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Hypothyroidism C015

Last amended 
12 November 2019
Current RMA Instruments
Reasonable Hypothesis SOP
29 of 2013
Balance of Probabilities SOP
30 of 2013
Changes from previous Instruments

SOP Bulletin 165

ICD Coding
  • ICD-9-CM Codes: 244.0-9 
  • ICD-10-AM Codes: E03, E89.00
Brief description

In this condition there is a decreased level of thyroid hormone in the blood, resulting in symptoms or signs (of hypothyroidism).  If the decrease in thyroid hormone is due to a thyroid problem it is called primary hypothyroidism, and if it is due to insufficient stimulation of the thyroid gland caused by disease of the pituitary gland or hypothalamus it is called central (secondary or tertiary) hypothyroidism.  One of the common cuases of hypothyroidism is Hashimoto's thyroiditis.  This condition is covered by a separate SOP and is excluded from the hypothyroidism SOP

Confirming the diagnosis 

The diagnosis is based on laboratory (blood) testing. In primary hypothyroidism there is a high serum TSH and a low serum free T4 concentration.  In secondary hypothyroidism there is a low serum free T4 concentration and a serum TSH concentration that is not appropriately elevated.  There also needs to be associated symptoms or signs for the diagnosis to be confirmed.

The appropriate specialist is an endocrinologist.

Additional diagnoses covered by SOP
  • Central hypothyroidism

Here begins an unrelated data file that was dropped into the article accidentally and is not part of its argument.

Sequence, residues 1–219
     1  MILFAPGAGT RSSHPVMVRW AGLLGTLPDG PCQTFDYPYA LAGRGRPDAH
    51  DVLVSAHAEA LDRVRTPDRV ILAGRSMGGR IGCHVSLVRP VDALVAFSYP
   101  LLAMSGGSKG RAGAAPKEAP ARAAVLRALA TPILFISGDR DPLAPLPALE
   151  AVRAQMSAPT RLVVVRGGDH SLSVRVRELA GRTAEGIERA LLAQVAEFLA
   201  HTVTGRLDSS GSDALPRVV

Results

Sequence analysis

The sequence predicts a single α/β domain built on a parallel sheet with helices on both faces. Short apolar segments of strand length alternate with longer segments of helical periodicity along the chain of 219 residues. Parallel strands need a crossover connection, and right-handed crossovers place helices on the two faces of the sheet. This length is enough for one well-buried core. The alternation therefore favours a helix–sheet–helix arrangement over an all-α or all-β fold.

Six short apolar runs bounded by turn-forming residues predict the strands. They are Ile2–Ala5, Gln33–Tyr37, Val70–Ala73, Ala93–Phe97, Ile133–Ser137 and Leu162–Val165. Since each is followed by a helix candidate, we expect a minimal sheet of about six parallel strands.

• Myxedema
  • Primary hypothyroidism
  • Secondary or tertiary hypothyroidism
Conditions excluded from SOP
  • Congenital hypothyroidism#
  • Congenital iodine deficiency syndrome#
  • Hashimoto’s thyroiditis*
  • Hyperthyroidism*
  • Sick euthyroid syndrome#
  • Subclinical hypothyroidism (N.I.F.)
  • Transient hypothyroidism during recovery form non-thyroidal illness (N.I.F.)

* another SOP applies 

# non-SOP condition

Clinical onset

The clinical features are highly variable, depending on age and the severity of the hormone deficiency.  Symptoms can include fatigue, cold intolerance, weight gain, constipation, dry skin and myalgia.  Signs can include a goitre, a slow pulse rate, coarse hair and skin, and hoarseness. Onset can be gradual or sudden (e.g. after thyroidectomy). 

Clinical worsening

Hypothyroidism tends to be a permanent condition requiring lifelong treatment with thyroid replacement therapy (thyroxine).  Worsening may be evidenced in an untreated person by a increase in symptoms or signs of hypothyroidism, or in a treated person by a need for an increased dose of medication.